When Should Caregivers Take the Keys During Alzheimer's Disease?
Alzheimer’s disease comes with a host of challenges for the individual with the diagnosis and their caregivers. Over time, the disease will affect the individual’s ability to do many activities in his or her life, but driving can be one of the more difficult ones to determine.
Driving represents independence for many people, and losing this autonomy can be upsetting. However, driving can be dangerous to your loved one and other people on the road as Alzheimer’s disease progresses.
So, who decides when it’s time to throw in the towel (or keys)? Usually, it’s the caregiver or other loved ones of the individual with Alzheimer’s disease, but studies have shown that doctors can also hold much clout in this decision. One study published in the new England Journal of Medicine found that when doctors warn patients and tell driving authorities that seniors may be medically unfit to be behind the wheel, there was a serious drop in serious crash injuries among the drivers.
Some states have rules and regulations that require doctors to report drivers who have health conditions that could affect their driving abilities, but others depend on family members and healthcare professionals to urge drivers privately, The Associated Press reports. If you are worried about your loved one’s driving ability because of Alzheimer’s disease, it is your responsibility to talk about it with them.
How to know when it’s time for the talk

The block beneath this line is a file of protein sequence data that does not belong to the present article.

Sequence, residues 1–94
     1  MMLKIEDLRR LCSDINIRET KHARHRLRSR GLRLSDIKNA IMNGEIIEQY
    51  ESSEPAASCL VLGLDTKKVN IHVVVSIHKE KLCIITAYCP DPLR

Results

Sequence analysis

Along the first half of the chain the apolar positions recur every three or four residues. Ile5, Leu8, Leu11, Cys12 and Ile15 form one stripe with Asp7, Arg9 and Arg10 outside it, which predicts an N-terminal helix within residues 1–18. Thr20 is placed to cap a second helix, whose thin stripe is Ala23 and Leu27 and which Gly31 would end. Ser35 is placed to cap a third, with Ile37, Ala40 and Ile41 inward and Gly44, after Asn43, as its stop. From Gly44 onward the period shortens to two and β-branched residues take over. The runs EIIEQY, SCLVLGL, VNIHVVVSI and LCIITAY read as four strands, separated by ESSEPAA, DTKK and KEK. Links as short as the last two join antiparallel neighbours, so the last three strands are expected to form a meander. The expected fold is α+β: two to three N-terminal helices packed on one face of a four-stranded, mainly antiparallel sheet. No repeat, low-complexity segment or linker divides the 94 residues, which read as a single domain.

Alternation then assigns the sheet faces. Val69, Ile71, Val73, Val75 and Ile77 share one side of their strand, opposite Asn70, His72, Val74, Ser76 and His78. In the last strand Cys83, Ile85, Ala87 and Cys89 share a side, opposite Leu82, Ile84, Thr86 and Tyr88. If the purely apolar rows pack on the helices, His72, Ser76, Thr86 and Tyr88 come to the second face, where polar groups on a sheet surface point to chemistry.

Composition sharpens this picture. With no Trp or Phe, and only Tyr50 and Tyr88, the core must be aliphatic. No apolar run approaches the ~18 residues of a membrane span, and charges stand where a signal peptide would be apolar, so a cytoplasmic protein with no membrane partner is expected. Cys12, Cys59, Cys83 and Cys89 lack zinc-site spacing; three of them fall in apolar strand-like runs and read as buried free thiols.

It is not always clear that your loved one is unable to drive. However, careful observation can be helpful in determining when the senior becomes a risk to him or herself and others. Warning signs include forgetting how to get to familiar places, failure to observe traffic signs, driving too fast or too slow, hitting curbs and other objects, making errors at intersections and confusing the brake and gas pedals, according to the Alzheimer’s Association. If your loved one forgets the location they are driving to during the trip or comes home from a familiar drive later than usual, these may also be warning signs.
Harvard Medical School conducted a study in 2009 that looked at 128 drivers, 84 seniors with early Alzheimer’s disease and 44 healthy older adults. Through driving tests of all participants, researchers found that people with the early stages of Alzheimer’s disease became unsafe drivers about twice as fast as their healthy counterparts. The study found that while people with Alzheimer’s disease can continue to drive safely for some time, it is important for family members and caregivers to regularly assess them.
How to broach the topic
Bringing up the topic of driving can be tricky, but it’s best to do it as early as possible, according to Harvard Medical School. As soon as you get a diagnosis, bring up driving. This can help because your concern can be grouped in with other aspects of care that need to be discussed anyway.
The Alzheimer’s Association recommends caregivers and other loved ones initiate the dialogue by expressing concerns and stressing the positives about the situation. It can also help to appeal to the individual’s sense of responsibility as well as medical diagnoses. Caregivers should offer alternatives and reaffirm their support and love, offering to help with any challenges this situation could present.
How to handle resistance
Some seniors will agree with you and willingly give up the keys, but others may be a bit more resistant. The organization recommends being patient and empathetic, but still firm. Caregivers should continue to appeal to the individual’s desire to make the responsible choice.
If need be, bring in a third party – whether another family member, doctor, attorney or religious leader to reaffirm your authority and the message you are trying to get across.